Workers with Disabilities Thrive at Custom Design Company, Gear Grove | WUWM 89.7 FM

Only four in ten working-age adults with disabilities are employed nationwide, according to the Brookings Institution, based in Washington, DC.

The small Milwaukee Gear Grove company has bridged this gap locally by regularly employing people with disabilities. This helps the company to fulfill its mission of producing handcrafted wooden furniture and designing spaces.

Lyle Stoflet, Jr. and Tom Daugherty are co-owners of Gear Grove. It’s on 27th Street, just south of Hampton Avenue in Milwaukee. They meet us in their store, where a room is filled with piles of reclaimed wood.

Credit Audrey Nowakowski / WUWM

Some of the salvaged wood at Gear Grove

Stoflet proudly explains that they know the history of all this wood.

“So we can say to our customers, ‘Hey, [the wood] was in this building which was built in 1908. [The building] was demolished, and now it’s your coffee table. ‘ He adds that a lot of their products are very unique, one of a kind.

“You’ll never see another one again,” he said. “Because it’s wood that is no longer cut. ”

The store’s employees are also unique. A third of its workforce declares a disability. They currently employ 18 people, and over the years they have had 10 employees who have declared a disability. After Stoflet and Daugherty started the business in 2012, they were approached by a human resources company who exposed them to public programs that help people with special needs find work opportunities.

“In the beginning, we had a very successful candidate because of the program,” he says. “He ended up being with us for 4.5 years. From not having a regular job before that, to becoming a rock star with us. Going from very part-time to full-time managing departments, and kind of a great growth story. “

After this success story, the company continued, hiring people with various disabilities. “Some are emotional disabilities, others are very obvious physical disabilities,” says Daugherty. “So that’s a very wide range of what different people have. He says they meet the person, see if they like him and see the potential. Then as the person adapts to the company, the company will adapt to the worker, this which ends up helping on both sides.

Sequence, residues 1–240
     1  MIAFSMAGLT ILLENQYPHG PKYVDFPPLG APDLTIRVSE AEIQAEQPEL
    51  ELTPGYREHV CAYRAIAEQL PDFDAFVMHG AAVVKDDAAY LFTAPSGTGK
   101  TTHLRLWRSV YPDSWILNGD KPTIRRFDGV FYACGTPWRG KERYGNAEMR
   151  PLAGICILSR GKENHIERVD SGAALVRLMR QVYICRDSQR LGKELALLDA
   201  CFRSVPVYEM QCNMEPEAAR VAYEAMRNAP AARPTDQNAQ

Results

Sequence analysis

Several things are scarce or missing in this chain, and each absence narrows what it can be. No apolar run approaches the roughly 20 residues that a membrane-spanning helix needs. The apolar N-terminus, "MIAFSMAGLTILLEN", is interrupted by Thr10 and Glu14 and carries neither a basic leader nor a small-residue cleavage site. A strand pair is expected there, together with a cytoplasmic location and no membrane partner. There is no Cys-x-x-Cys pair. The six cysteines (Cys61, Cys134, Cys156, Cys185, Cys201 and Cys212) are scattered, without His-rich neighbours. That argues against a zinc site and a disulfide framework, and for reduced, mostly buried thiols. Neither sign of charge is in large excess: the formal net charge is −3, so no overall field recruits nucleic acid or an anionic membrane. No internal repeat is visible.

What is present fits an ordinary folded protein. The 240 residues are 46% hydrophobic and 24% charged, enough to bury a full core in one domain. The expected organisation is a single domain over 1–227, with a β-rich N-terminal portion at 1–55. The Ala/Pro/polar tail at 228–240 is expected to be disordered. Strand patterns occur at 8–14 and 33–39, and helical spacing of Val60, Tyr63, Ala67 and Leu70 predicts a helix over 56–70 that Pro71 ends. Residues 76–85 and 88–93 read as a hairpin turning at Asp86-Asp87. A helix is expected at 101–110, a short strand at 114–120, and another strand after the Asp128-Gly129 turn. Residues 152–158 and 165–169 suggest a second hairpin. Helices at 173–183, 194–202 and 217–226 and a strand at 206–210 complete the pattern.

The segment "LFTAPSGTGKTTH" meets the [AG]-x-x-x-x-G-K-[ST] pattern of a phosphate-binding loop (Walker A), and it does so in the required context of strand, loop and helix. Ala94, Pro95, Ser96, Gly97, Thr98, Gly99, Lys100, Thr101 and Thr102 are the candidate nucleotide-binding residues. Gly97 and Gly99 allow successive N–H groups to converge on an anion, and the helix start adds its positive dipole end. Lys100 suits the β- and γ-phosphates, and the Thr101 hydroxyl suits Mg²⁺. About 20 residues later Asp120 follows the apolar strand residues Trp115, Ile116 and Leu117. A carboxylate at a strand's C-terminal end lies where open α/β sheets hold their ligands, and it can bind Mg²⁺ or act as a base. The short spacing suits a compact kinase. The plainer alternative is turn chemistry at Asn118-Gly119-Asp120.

Credit Audrey Nowakowski / WUWM

Gear Grove gets creative with wooden parts.

“We’re finding that a lot of people find a niche that may take a month or two to come out and then they’ll find out, ‘Oh they love to do this, no one else likes to do that’ or ‘They do it better than anyone else. that we have never seen before. So it’s just about finding the right fit for the right person. ”Daugherty says. He says the right fit can be from in-store assembly positions to office assistants and marketing jobs.

Abe Bremer heads the laser department at Gear Grove and programs the machines. He says he has a mental health problem. He wears many hats for the company, but only after spending two years without a job after graduating. He says the company allowed him to speak openly about his mental health needs and allowed him to take advice. “I am a single father at the moment, my daughter’s mother has also just passed away,” he explains. “They were very accommodating with it, letting me go on dates and be there for my daughter.”

Bremer says stress stops him, but he’s able to be productive in a supportive environment. “It’s good to come here every day,” he said. “[To] I know I have a job, I know I make money, I know I support my family. Seeing the project when it’s finished is always a good thing too. “

One project Bremer is working on involves binary counting toys – which help children learn the basics of computer programming. He laser cuts them out of new wood for a client who works with MIT Design Labs. Bremer says he’s having physical issues as his bosses adjust, something he’s also seen helping new colleagues with physical disabilities.


Credit Audrey Nowakowski / WUWM

Gear Grove Binary Counting Toys

Daugherty says Gear Grove will create a personalized workspace for employees, allow them to work shorter days, and help them with transportation… whatever. “It’s really the right thing that makes them able to do the job and work with each individual to make those adjustments, so that they can be successful,” he says.

Daugherty adds that it’s ultimately about having an open mind, both in terms of creating designs and determining what their staff can bring to the table.

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